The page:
Believe it or not, with all the subscription businesses and the magazine printing plant (who at one time printed mags like Playboy, Family Circle, TV Guide, various catalogs, etc . . .), this little town had the second biggest volume of mail in the state, second only to Chicago. Of course most of the mail went out on pallets by train or trucks but the post office had their employees right on site, in the printing plant. With this latest news our post office will take a big hit.

About 5-6 (??) years ago the state tore-up and upgraded the 2 lane highway through town to 3 and 4 lanes with wide turning corners AND added our single stop light to accommodate the many daily tanker trucks that delivered ink and solvents. They even altered their plans to allow for the railroad crossings and altered several side street intersections. There was no other need!!

With the probable closing of the last printing business and no need for paper, what's the need for a railroad that served only one community? And with no printing business what's the need for all those many large tanker trucks in and out of town? And that makes me wonder . . . What's a small town of about 2800 (and soon dropping, I'm sure) need a 3 and 4 lane highway with one stop light??

Anonymous said...

Murray sez:
Mt. Morris didn't need the road widening or stop light even with the printing plant in full operation mode. But that's the way our state government works. Hmmm? Could that be why the state of Illinois is in the same shape as other states including our Federal government....? BROKE!!!!!!

Anonymous said...

Hello Norma....I grew up in Mt. Morris and started my printing career as a rotogravure 4-color retoucher in 1953. After completing my apprenticeship, and working for 2 years as a journeyman, Eddie Miller gave me the oportunity to join the Kable sales force. I was transfered to the N. Y. sales office and after several years there accepted a sales opportunity with Providence Gravure.

In roughly 1986 (when I was V.P. of Sales and Marketing) I brought to the attention of our president Jack Briggs that Kable would be a good acquisition. We purchased Kable and had some great years working with my old friends in Mt. Morris. You know the story after that..Maxwell, Quebecor and now Quad.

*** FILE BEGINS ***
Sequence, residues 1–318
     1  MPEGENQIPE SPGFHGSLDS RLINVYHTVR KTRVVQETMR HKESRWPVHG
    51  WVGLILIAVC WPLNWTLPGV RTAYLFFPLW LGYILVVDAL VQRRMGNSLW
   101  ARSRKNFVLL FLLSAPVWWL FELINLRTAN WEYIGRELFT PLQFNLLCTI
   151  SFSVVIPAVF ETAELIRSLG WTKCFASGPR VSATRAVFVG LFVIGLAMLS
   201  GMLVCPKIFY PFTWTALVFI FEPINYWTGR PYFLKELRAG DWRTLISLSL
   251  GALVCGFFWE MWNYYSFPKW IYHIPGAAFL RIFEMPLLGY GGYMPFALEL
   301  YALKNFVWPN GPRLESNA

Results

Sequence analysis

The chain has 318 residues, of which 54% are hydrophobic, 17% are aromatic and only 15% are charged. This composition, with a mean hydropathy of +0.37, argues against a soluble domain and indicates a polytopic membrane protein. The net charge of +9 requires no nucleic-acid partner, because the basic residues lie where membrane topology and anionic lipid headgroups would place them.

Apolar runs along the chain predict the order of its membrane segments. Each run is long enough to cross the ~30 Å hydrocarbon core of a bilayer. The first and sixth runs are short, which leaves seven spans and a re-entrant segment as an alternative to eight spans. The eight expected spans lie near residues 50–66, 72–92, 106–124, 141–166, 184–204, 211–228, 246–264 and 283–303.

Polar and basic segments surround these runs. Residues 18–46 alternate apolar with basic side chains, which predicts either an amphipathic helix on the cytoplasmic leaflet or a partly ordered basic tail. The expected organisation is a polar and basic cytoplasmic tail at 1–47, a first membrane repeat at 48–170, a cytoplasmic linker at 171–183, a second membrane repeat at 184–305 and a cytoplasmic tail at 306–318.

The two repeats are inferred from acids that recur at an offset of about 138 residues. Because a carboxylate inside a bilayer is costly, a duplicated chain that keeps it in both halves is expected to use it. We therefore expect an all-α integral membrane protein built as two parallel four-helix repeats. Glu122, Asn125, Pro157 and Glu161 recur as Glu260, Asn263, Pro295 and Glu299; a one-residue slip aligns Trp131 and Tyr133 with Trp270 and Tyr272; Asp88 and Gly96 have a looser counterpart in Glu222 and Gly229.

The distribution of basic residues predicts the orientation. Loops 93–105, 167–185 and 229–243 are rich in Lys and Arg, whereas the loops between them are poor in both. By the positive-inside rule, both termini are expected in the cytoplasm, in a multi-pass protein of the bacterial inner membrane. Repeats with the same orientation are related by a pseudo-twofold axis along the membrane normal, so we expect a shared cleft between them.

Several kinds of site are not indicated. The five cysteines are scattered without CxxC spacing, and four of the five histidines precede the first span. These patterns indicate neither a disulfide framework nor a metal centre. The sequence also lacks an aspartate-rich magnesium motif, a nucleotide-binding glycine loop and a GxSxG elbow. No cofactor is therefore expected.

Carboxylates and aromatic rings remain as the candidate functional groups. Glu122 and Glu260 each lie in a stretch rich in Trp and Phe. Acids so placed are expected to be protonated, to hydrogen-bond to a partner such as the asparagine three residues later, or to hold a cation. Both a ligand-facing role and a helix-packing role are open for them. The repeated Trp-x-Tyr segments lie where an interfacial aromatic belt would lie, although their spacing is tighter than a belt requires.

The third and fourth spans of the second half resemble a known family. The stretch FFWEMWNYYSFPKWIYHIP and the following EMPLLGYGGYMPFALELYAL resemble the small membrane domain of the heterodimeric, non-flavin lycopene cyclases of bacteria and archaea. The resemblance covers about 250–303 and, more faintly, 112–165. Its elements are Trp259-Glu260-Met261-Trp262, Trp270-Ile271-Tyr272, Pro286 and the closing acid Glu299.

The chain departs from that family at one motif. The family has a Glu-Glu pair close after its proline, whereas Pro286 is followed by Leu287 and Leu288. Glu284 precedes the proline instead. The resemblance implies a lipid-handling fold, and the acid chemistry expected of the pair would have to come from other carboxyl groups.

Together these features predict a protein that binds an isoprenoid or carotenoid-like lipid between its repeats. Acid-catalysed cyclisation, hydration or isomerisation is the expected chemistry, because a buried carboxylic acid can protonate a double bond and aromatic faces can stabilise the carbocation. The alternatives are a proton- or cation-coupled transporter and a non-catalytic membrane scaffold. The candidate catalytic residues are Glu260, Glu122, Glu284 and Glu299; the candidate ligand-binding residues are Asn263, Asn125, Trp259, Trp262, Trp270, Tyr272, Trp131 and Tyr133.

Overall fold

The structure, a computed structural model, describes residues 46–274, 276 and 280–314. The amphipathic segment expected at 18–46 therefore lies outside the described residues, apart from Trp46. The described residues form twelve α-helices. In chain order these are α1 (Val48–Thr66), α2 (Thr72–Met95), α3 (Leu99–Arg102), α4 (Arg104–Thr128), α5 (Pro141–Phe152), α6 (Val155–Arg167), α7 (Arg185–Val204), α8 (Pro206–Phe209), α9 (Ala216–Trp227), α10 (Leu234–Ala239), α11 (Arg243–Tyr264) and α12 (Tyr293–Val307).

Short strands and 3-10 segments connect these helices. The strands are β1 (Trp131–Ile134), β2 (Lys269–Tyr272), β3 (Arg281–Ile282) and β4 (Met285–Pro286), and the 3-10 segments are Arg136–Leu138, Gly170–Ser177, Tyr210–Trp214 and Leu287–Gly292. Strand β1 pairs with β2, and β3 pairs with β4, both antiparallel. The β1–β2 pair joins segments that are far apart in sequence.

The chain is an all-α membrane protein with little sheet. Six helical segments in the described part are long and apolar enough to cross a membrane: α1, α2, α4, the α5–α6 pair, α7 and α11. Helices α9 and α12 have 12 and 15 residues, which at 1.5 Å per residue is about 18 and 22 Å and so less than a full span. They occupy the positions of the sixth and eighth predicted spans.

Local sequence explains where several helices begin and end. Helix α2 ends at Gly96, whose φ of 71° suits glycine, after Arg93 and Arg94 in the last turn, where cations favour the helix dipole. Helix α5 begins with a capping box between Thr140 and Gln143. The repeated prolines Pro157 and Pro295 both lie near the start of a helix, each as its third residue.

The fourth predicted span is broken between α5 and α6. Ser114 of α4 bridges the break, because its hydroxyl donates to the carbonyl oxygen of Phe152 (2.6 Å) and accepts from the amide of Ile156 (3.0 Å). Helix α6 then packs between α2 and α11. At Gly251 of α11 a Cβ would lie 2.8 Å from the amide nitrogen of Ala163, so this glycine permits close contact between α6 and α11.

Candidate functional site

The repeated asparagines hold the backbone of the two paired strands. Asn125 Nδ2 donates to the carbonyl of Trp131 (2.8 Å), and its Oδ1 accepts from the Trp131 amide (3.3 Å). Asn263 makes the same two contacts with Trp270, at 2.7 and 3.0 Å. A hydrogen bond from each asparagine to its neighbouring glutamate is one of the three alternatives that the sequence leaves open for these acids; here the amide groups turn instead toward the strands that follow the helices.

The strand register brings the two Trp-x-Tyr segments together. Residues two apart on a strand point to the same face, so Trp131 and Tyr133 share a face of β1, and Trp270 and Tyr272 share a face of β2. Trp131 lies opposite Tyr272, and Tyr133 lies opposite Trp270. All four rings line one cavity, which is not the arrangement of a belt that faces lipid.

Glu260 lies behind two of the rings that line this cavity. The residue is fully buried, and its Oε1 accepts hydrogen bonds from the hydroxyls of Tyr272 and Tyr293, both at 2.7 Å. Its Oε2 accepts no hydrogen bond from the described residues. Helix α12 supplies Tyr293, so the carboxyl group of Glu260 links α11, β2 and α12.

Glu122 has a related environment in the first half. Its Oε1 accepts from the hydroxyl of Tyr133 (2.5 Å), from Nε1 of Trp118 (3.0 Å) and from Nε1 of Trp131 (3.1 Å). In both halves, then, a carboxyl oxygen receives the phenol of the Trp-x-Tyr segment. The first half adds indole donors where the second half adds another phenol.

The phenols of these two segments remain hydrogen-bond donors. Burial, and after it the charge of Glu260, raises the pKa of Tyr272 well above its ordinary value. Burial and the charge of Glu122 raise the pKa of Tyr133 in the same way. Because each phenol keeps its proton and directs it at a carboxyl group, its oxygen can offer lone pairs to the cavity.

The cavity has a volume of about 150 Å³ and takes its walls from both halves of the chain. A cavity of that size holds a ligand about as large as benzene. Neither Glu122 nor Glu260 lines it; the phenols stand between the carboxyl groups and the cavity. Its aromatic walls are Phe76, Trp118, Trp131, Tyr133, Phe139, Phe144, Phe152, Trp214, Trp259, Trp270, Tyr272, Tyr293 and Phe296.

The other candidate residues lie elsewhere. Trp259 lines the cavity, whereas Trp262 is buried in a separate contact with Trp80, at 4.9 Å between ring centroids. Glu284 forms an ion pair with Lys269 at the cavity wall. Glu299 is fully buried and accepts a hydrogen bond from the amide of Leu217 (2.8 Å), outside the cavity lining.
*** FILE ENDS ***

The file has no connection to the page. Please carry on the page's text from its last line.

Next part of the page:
I am heart sick over what is happening. However, I will always have fond memories of growing up in Mt. Morris and will always remember my good old friends from the Kable/Providence days.

Say hello to my good old friend Murray Trout.

Best Wishes to you and my prayers and thoughts are with Mt. Morris.

John Anderson

Jim said...

Thanks, Norma for Murray's article and the post afterwards by John
Anderson. It does make you sick when you think of what MM used to be. Now it is a place to die - and only a junior high school in the city limits. How long before that shuts down and every school child will be bussed to Oregon?

senordineroman said...

Hi -
Could you continue the timeline up until now?

Unknown said...

It is now 2020. My grandfather Ken Heeren worked there, lived 1000 feet from the plant on Wesley ave. Im quite young right now, but I remeber as a kid the roar that the plant made, sounded like a hum of a musical note. The trucks would go by every 5 minutes and shake the old house. I remember 4 "upside down rockets" .I remeber a big blue crane loading a massive piece of machinery onto the roof. This machine was rectangular with a rounded front with a logo it it , it was on the south end of the building, and it was installed in roughly the year 2000. I was about 5 years old. I remember 3 green boxcars parked there. I remember a train with 2 engines on Easter sunday after the plant closed, and it was the last train I ever saw in Mount morris.

Unknown said...

Hello All,
My grandfather worked at Kable as a Monotype operator in the teens. He moved there from Danville, IL with his family and lived with the Kable family until he could find a home. He also played saxophone in the Kable band. He passed away from the swine flu in 1918. The Kable news dedicated most of their front page to his obituary. I still have a copy of that paper. He was returned to Danville for burial and the Kable brothers attended the funeral. Never got a chance to know him as I was born 20 years later.

Anonymous said...

Miss ya grandpa, think about you every week if not everyday <3